How easy it is to slander other Christians, to paint them in the worst possible light. We see something out of place in someone’s life and repeat that story to others. While it may be a true story, does it really capture them in totality? Does it provide the best review of their value and personhood? What do we gain by repeating these true but incomplete stories?
In my world, it is very easy to do this with public figures. I find myself tempted to do so when I see a public figure giving a terrible lecture or training. I want to point out their superficiality, their mis-representation of either psychology or christianity. And while I do believe there ought to be room for critique and wise review of public works, it is easy to cross the line into slander.
How do you evaluate whether you are giving a careful critique or have lapsed into slander? APA format in writing allows us to make a statement about another and conclude it with a “citation.” For example, “Monroe (2009) believes that Christianity and psychology are one and the same.” Note that I do not even need to give real evidence in my citation. I only have to cite an entire book. You can take me at face value and conclude I’m a lunatic.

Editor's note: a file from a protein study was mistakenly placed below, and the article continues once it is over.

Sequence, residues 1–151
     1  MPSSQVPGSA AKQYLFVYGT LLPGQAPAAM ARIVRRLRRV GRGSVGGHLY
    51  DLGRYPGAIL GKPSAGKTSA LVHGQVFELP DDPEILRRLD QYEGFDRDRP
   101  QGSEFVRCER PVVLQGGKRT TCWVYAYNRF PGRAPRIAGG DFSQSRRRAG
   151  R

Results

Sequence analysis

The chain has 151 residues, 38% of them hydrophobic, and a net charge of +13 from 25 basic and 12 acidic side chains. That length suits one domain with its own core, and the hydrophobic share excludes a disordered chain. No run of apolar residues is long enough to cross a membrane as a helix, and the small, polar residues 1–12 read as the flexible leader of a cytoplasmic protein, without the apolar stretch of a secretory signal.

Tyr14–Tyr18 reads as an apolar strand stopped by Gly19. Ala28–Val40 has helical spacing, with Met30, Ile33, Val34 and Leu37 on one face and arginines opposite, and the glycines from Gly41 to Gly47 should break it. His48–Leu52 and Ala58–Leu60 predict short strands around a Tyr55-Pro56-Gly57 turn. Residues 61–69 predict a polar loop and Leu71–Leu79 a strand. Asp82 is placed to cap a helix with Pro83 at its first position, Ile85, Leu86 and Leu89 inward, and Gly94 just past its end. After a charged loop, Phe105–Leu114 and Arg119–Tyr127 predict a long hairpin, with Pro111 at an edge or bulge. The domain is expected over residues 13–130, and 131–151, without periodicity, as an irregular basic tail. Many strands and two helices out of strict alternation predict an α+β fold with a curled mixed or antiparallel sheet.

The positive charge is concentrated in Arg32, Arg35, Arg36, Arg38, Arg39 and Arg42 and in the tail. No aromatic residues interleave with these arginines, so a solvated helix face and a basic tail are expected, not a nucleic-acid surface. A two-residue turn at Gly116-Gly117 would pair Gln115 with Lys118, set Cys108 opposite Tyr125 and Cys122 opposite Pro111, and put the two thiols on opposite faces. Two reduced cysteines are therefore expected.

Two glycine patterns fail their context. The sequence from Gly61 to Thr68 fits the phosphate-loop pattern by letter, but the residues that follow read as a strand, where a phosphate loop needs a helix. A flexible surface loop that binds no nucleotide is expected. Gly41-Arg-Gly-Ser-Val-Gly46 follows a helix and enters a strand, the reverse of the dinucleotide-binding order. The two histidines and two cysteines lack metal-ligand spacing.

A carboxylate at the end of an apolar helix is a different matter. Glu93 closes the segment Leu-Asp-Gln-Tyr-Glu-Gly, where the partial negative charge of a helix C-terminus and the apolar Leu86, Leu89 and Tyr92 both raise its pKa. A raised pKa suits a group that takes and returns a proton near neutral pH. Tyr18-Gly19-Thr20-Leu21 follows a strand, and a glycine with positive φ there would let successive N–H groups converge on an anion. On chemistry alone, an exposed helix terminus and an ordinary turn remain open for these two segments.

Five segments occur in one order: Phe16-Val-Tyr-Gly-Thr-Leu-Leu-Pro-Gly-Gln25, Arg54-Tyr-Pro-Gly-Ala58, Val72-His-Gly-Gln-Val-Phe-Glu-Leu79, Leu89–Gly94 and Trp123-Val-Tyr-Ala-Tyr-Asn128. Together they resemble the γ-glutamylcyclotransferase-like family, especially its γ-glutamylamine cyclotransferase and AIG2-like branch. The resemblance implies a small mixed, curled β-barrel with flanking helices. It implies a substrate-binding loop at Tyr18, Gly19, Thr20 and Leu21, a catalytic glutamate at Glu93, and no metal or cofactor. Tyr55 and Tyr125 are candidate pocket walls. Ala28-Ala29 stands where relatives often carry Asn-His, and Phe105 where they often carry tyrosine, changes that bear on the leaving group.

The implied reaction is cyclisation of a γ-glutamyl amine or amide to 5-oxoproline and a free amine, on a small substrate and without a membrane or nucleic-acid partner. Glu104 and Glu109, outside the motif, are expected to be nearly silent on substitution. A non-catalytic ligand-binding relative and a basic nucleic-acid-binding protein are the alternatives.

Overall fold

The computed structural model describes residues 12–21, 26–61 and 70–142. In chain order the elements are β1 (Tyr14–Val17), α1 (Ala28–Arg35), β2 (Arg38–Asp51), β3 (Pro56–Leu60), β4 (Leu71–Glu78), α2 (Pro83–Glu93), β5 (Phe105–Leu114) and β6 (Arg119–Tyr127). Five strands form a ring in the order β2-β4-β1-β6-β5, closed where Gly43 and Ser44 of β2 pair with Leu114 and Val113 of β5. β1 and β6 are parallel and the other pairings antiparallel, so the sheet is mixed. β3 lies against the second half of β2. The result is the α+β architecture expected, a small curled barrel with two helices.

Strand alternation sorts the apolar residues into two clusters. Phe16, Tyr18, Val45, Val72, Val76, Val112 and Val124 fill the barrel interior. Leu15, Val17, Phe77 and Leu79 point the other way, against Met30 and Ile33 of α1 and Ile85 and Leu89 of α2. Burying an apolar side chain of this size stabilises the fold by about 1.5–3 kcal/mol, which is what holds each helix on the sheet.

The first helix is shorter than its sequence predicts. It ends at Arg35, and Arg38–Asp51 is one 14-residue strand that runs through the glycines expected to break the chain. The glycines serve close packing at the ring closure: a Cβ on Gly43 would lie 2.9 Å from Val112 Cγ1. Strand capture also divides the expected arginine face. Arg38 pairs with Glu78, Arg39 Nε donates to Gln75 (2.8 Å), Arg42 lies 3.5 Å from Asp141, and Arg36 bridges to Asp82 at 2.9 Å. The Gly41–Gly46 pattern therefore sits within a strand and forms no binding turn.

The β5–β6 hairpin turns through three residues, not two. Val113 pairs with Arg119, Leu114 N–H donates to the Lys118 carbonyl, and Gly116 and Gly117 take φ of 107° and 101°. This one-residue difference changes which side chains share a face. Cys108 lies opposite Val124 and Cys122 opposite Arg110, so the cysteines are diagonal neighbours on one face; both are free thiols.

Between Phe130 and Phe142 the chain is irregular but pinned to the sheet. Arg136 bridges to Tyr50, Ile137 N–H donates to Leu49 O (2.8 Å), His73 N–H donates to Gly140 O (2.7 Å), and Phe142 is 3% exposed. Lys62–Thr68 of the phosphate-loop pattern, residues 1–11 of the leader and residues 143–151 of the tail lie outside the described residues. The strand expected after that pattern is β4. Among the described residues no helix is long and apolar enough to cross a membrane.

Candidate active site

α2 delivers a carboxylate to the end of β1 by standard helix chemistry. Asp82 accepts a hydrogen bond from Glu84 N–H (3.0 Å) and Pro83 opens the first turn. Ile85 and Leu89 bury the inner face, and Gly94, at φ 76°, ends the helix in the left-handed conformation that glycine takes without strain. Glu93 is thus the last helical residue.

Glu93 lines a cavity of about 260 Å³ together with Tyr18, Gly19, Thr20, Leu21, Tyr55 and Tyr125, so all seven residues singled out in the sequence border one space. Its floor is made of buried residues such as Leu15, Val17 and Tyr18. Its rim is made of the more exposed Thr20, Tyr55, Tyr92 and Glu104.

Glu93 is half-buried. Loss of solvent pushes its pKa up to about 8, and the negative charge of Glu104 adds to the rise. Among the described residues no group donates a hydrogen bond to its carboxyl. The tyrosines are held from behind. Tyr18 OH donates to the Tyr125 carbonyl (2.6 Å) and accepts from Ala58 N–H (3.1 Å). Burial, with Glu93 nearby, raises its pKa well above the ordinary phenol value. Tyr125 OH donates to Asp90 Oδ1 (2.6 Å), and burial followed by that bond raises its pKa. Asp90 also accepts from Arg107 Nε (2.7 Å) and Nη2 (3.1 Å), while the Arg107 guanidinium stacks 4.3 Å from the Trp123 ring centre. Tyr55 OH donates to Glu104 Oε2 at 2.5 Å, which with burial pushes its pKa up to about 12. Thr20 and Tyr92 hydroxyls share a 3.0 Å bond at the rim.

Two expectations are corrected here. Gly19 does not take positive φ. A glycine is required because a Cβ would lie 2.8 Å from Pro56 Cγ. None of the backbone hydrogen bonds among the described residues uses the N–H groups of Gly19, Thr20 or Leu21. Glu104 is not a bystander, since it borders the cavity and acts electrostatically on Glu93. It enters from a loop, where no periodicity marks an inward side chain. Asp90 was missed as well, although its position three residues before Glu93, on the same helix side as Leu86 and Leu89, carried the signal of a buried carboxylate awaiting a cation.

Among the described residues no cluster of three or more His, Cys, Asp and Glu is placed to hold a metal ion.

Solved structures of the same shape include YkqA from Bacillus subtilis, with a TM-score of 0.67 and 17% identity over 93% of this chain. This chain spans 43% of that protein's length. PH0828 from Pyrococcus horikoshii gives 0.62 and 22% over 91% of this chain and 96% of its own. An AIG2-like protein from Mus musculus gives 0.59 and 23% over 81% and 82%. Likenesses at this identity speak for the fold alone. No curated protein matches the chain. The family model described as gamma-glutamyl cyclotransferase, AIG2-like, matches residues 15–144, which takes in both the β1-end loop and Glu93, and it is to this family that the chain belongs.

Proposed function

Where I struggle is when I am critiquing with substance what I believe to be a problem in someone’s work, how do I do so without vilifying their entire body of work. Someone may indeed write heresy. I can call it out but does the reader get the impression that I believe that everything the person has said is suspect? The same goes for a preacher who is later discovered to have been in an affair. Does this invalidate his prior sermons?
Tough questions. Few answers. My impression is that it is so easily possible to do good and do evil at the same time. That our motives in pointing out others’ mistakes are of utmost importance. So, I can be right in my critique and entirely wrong in my doing it.